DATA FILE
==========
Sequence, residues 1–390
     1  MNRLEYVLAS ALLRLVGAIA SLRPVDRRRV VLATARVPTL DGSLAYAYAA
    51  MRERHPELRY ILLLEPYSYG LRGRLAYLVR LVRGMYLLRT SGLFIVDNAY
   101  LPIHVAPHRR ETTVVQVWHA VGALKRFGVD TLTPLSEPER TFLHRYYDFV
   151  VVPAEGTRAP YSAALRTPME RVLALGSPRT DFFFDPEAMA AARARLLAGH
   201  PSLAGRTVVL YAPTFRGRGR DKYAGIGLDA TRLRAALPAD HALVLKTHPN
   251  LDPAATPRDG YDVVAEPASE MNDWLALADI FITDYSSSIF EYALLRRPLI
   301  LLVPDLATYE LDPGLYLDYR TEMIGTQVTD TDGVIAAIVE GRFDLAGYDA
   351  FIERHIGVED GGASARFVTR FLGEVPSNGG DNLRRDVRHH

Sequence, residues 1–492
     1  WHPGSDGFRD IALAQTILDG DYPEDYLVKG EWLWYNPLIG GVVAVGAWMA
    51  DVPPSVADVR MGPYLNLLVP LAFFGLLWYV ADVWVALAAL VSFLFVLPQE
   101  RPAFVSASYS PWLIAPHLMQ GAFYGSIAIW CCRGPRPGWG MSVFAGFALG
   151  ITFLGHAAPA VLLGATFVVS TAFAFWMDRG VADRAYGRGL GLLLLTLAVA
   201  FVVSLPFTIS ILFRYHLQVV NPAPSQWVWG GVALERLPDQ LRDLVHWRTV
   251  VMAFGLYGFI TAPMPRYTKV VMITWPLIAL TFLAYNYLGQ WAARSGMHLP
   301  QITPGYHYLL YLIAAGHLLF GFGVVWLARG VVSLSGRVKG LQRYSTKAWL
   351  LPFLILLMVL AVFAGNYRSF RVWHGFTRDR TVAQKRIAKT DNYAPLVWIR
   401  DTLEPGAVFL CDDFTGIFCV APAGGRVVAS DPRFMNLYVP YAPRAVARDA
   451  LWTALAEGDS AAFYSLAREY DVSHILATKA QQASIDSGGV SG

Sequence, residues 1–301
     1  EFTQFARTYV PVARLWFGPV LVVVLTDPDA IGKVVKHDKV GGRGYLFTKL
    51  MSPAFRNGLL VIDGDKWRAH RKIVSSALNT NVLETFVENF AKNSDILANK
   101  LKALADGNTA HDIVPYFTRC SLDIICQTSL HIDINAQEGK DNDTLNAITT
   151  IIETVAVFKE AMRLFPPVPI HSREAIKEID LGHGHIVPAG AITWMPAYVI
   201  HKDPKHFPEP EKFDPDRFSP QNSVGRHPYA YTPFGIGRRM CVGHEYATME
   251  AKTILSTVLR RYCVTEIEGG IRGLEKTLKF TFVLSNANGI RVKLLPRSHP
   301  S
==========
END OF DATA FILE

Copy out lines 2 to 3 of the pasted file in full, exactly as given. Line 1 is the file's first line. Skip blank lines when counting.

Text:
     1  MNRLEYVLAS ALLRLVGAIA SLRPVDRRRV VLATARVPTL DGSLAYAYAA
    51  MRERHPELRY ILLLEPYSYG LRGRLAYLVR LVRGMYLLRT SGLFIVDNAY